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THE ECONOMIC SITUATION AND FINANCIAL STABILITY 7
EXCESSIVE DEFICIT PROCEDURE 8
United Kingdom: closure of the procedure 8
Czech Republic: new recommendation on measures to correct its excessive deficit 9
PUBLIC FINANCES 10
Improving the effectiveness of the stability and growth pact - Council conclusions 10
The quality of public finances: Modernisation of public administration - Council conclusions 12
BETTER REGULATION - IMPROVING COMPETITIVENESS - Council conclusions 13
FLEXIBILITY AND SECURITY ON LABOUR MARKETS - Council conclusions 15
DIALOGUE WITH THIRD COUNTRIES ON ECONOMIC ISSUES 18
FINANCIAL SERVICES 19
Clearing and settlement - Council conclusions 19
EU arrangements for financial stability - Council conclusions 22
OTHER BUSINESS 30
- Galileo satellite navigation system - Additional financing 30
MEETINGS IN THE MARGIN OF THE COUNCIL 31
Ministerial breakfast meeting on the economic situation 31
OTHER ITEMS APPROVED
ECONOMIC AND FINANCIAL AFFAIRS
JUSTICE AND HOME AFFAIRS
The governments of the Member States and the European Commission were represented as follows:
Mr Jean DE RUYT Permanent Representative
Mr Plamen Vassiler ORESHARSKI Minister for Finance
Mr Miroslav KALOUSEK Minister for Finance
Mr Claus GRUBE Permanent Representative
Mr Peer STEINBRÜCK Federal Minister for Finance
Mr Raul MÄLK Permanent Representative
Mr Bobby MCDONAGH Permanent Representative
Mr Georgios ALOGOSKOUFIS Minister for the National Economy and Finance
Mr Pedro SOLBES MIRA Second Deputy Prime Minister and Minister for Economic Affairs and Finance
Ms Christine LAGARDE Minister for Economic Affairs, Finance and Employment
Mr Tommaso PADOA SCHIOPPA Minister for Economic Affairs and Finance
Mr Michalis SARRIS Minister for Finance
Mr Oskars SPURDZIŅŠ Minister for Finance
Ms Valentinas MILTIENIS Deputy Minister for Finance
Mr Jean-Claude JUNCKER Prime Minister, "Ministre d'Etat", Minister for Finance
Mr Jeannot KRECKÉ Minister for Economic Affairs and Foreign Trade, Minister for Sport
Mr János VERES Minister for Finance
Mr Tonio FENECH Parliamentary Secretary, Ministry of Finance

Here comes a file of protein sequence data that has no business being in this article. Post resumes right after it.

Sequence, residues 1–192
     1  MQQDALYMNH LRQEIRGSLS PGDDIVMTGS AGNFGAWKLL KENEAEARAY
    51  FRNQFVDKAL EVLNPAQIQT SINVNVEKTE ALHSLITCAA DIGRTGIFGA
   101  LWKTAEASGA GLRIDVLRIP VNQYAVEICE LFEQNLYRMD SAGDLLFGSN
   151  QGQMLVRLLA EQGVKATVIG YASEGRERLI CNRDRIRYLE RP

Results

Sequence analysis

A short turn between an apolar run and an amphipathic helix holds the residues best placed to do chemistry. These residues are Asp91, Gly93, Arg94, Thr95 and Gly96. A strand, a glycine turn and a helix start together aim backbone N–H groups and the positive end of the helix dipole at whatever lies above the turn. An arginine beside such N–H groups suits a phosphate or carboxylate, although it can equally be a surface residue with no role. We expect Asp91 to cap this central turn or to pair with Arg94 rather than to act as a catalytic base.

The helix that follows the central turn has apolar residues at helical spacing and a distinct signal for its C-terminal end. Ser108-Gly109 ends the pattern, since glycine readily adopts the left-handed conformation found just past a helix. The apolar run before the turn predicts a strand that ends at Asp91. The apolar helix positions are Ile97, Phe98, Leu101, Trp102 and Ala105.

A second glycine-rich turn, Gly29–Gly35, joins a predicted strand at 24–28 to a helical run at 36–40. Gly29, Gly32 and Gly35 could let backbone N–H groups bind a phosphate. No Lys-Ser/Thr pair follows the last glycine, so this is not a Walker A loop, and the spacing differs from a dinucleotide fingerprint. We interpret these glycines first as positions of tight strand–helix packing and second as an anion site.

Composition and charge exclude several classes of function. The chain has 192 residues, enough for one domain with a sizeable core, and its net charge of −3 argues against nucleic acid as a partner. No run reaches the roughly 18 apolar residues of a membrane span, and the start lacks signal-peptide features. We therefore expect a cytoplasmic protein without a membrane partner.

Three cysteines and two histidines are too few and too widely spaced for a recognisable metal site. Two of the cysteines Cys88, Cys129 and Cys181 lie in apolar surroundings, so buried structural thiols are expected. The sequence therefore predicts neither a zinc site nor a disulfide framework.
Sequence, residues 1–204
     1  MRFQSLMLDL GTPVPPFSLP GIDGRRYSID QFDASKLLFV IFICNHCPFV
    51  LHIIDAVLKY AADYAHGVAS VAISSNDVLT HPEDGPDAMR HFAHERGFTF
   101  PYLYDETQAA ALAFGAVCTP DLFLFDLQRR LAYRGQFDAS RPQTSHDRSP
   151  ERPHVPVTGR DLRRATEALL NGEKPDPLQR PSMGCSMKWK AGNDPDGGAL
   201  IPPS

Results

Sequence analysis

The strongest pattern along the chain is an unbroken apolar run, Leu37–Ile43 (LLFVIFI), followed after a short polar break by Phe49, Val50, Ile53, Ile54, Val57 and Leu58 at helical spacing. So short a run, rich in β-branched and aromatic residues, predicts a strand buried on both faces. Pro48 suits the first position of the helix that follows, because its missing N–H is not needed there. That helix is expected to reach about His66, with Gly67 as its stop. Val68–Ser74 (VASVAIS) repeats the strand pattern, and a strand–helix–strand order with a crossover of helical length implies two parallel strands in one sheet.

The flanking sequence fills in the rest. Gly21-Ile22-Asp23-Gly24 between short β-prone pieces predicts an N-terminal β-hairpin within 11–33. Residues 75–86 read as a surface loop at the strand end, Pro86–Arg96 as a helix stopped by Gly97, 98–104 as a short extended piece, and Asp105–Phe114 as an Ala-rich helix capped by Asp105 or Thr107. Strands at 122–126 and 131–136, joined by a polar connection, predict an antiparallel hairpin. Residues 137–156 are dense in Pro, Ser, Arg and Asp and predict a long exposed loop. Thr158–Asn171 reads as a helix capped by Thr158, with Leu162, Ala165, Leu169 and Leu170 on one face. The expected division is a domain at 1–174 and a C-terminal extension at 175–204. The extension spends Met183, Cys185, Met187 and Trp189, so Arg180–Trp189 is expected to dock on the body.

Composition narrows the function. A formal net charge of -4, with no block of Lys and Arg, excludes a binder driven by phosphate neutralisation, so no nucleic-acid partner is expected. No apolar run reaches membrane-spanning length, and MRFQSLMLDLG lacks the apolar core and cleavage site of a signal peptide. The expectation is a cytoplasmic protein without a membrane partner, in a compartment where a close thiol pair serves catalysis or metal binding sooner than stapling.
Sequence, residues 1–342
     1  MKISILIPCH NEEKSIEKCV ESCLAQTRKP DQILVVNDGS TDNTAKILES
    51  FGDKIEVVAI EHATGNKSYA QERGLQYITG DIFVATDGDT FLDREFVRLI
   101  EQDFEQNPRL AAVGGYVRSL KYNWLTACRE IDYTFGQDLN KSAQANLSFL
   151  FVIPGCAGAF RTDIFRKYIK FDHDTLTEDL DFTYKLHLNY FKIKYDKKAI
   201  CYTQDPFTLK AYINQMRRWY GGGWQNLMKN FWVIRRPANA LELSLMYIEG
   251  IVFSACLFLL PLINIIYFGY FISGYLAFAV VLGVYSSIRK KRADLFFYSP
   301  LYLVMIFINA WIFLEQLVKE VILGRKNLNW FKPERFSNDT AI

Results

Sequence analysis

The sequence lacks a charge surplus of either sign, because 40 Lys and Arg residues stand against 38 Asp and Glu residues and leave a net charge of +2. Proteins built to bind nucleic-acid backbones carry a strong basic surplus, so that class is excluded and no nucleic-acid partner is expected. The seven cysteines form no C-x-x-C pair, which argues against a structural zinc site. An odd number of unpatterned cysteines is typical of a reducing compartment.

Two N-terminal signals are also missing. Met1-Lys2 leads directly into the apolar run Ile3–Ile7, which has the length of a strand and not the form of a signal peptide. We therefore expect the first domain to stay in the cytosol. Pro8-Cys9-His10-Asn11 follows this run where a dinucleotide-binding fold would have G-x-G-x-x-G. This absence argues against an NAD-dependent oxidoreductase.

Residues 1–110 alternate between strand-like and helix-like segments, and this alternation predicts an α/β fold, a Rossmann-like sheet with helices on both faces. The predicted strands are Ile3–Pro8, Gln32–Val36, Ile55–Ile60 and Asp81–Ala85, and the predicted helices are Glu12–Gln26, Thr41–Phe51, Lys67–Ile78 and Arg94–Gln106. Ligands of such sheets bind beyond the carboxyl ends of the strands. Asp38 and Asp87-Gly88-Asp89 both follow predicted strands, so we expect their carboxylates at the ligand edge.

Mr Wouter Jacob BOS Deputy Prime Minister, Minister for Finance
Mr Wilhelm MOLTERER Vice Chancellor and Federal Minister for Finance
Ms Katarzyna ZAJDEL-KUROWSKA Undersecretary of State, Ministry of Finance
Mr Fernando TEIXEIRA DOS SANTOS Ministro de Estado, Minister for Finance
Ms Alice BITU State Secretary, Ministry of the Economy and Finance
Mr Andrej BAJUK Minister for Finance
Mr Maroš ŠEFČOVIČ Permanent Representative
Mr Jyrki KATAINEN Deputy Prime Minister, Minister for Finance
Mr Anders BORG Minister for Finance
Ms Jane KENNEDY Financial Secretary to the Treasury
Mr Joaquin ALMUNIA Member
Mr Charlie McCREEVY Member
Mr Philippe MAYSTADT President of the European Investment Bank
Mr Xavier MUSCA Chairman of the Economic and Financial Committee
Mr Joe GRICE Chairman of the Economic Policy Committee
The Council held an exchange of views on the economic situation and financial stability, on the basis of a report from the economic and financial committee and further to discussion by ministers at an informal meeting in Porto on 14 and 15 September.
The Council agreed on a work programme, which runs until the end of 2008, aimed at reviewing, along with the EU’s international partners, how to further improve transparency, valuation process and risk management in financial markets.
The Council adopted a decision, under article 104(12) of the treaty, abrogating the decision it took in January 2006 on the United Kingdom’s excessive government deficit under article 104(6).
The excessive deficit procedure was opened with regard to the UK following a government deficit in the 2004-05 financial year that amounted to 3.2% of gross domestic product (GDP) and a Commission forecast for the deficit to widen in the 2005-06 and 2006-07 financial years.